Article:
In either scenario, implementing feedback loops and machine learning is a critical “day one” step to consider. Building data science-driven technology establishes a stronger foundation and ensures that clients are offered services based on what they truly need and in the manner that works best for them.

For those human interactions, Auris, Acrisure’s own AI platform that improves producer workflow, uses proprietary machine learning tools that learn from our collective interactions with our clients. This means that our agency partners can make sure that the products we offer our clients are best fitted to solve the most critical problems at hand.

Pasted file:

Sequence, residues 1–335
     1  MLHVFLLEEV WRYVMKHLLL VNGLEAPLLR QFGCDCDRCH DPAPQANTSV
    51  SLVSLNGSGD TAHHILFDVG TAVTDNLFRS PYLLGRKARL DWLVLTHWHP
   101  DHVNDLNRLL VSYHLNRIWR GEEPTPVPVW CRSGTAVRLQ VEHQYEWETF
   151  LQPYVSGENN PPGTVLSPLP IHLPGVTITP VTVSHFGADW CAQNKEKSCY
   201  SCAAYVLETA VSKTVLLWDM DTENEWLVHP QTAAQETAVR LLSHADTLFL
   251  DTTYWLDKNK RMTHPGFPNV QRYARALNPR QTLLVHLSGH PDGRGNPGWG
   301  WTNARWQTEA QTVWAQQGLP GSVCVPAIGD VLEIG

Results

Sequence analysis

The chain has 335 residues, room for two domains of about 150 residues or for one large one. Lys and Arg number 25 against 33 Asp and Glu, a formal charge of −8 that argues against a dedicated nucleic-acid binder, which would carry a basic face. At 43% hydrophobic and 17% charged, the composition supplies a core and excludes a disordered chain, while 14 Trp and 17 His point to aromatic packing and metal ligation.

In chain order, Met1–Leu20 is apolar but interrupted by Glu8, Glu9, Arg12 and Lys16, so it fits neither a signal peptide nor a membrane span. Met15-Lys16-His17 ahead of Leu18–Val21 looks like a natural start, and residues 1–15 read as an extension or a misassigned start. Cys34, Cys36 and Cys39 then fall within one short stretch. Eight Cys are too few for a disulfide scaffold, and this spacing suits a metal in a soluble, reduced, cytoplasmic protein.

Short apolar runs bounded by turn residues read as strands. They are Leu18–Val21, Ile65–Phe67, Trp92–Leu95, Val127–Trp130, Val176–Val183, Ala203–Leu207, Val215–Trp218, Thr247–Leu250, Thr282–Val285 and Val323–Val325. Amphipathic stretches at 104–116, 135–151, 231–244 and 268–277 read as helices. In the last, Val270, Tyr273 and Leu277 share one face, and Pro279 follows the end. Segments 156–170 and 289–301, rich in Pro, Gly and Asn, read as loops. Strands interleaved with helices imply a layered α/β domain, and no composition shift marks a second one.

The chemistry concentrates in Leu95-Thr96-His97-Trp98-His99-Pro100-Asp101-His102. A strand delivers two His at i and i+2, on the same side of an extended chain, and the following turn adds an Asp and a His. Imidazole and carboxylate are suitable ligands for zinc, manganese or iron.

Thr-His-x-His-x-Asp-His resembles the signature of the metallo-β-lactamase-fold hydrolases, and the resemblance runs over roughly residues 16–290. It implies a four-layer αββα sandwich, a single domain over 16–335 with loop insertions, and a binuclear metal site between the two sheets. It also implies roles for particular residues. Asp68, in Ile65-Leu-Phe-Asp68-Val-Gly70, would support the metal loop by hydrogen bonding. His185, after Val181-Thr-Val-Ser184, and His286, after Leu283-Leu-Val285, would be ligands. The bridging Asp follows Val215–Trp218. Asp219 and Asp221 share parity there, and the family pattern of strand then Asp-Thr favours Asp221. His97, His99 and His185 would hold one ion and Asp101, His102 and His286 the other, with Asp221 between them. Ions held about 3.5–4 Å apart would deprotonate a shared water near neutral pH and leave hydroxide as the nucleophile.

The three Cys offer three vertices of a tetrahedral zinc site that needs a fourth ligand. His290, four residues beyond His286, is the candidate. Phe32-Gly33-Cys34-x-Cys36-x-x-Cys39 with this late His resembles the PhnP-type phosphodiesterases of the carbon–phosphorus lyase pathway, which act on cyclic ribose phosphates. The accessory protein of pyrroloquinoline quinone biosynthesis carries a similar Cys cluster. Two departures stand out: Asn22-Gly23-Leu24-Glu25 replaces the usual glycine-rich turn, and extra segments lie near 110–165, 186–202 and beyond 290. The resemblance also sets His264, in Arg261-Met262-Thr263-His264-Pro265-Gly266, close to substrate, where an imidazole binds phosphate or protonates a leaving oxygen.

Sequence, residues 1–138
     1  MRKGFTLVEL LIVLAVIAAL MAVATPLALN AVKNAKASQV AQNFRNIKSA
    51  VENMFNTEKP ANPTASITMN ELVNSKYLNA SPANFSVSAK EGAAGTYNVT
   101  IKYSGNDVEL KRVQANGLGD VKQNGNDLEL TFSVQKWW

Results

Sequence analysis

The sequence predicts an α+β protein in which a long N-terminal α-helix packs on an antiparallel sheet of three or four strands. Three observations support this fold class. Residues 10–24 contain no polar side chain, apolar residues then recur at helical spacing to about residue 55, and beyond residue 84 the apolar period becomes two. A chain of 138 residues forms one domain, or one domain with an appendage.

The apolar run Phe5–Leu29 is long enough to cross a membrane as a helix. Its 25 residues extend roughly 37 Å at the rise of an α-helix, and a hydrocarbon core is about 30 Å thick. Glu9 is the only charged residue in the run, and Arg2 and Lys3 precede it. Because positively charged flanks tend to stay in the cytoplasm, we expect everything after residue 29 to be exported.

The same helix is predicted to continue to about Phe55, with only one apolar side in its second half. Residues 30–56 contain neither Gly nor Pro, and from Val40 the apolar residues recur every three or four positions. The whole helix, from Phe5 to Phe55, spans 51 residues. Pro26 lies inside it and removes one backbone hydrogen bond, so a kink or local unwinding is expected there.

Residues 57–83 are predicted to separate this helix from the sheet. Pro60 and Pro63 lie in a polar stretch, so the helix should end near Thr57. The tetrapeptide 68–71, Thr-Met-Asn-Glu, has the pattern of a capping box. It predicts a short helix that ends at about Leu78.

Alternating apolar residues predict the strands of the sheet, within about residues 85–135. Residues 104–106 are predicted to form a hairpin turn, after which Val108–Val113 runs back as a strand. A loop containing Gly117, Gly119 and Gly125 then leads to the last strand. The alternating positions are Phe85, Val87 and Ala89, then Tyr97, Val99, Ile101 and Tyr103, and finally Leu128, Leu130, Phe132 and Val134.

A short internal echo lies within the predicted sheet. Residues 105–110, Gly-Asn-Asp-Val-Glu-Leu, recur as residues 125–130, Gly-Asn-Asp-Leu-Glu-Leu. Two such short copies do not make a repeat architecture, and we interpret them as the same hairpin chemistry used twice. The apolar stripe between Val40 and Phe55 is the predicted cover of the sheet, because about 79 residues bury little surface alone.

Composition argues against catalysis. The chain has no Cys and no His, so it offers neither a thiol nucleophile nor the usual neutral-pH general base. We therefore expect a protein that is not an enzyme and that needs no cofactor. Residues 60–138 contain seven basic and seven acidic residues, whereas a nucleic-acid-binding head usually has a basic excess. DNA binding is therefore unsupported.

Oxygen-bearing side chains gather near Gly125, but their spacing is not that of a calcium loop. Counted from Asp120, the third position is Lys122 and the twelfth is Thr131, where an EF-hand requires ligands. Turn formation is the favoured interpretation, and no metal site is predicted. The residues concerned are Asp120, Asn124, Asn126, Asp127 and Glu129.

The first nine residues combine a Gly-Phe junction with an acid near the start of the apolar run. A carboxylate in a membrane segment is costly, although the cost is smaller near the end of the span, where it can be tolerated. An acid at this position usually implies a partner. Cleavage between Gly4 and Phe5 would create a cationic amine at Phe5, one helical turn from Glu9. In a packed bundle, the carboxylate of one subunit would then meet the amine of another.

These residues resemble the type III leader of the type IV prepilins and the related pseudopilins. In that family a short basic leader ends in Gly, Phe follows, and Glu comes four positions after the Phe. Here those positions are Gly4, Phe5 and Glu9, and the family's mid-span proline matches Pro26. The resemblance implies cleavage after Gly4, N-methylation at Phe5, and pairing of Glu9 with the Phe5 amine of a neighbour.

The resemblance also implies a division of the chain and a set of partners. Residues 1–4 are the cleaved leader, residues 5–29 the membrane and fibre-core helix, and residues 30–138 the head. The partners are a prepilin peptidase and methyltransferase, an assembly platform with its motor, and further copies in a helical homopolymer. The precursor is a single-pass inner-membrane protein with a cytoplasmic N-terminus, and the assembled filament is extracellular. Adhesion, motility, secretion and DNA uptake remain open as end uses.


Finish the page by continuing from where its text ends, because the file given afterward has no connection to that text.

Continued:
Marrying human relationships and data relationships to harness power

Insurance brokers must maintain human-centric interactions that are backed by data insights. By using the emotional intelligence of humans in tandem with the analytical intelligence that only technology can bring, companies can revolutionize their operations, boost efficiency, grow their businesses and ultimately provide a better client experience.

This is where an untapped opportunity still exists for insurance brokers to enhance the client experience with technology. Even behind the scenes, technology can better help price and place risk, which ultimately benefits the client.

More simply said, it is about matching the client with the best product at the best price with the fewest hassles.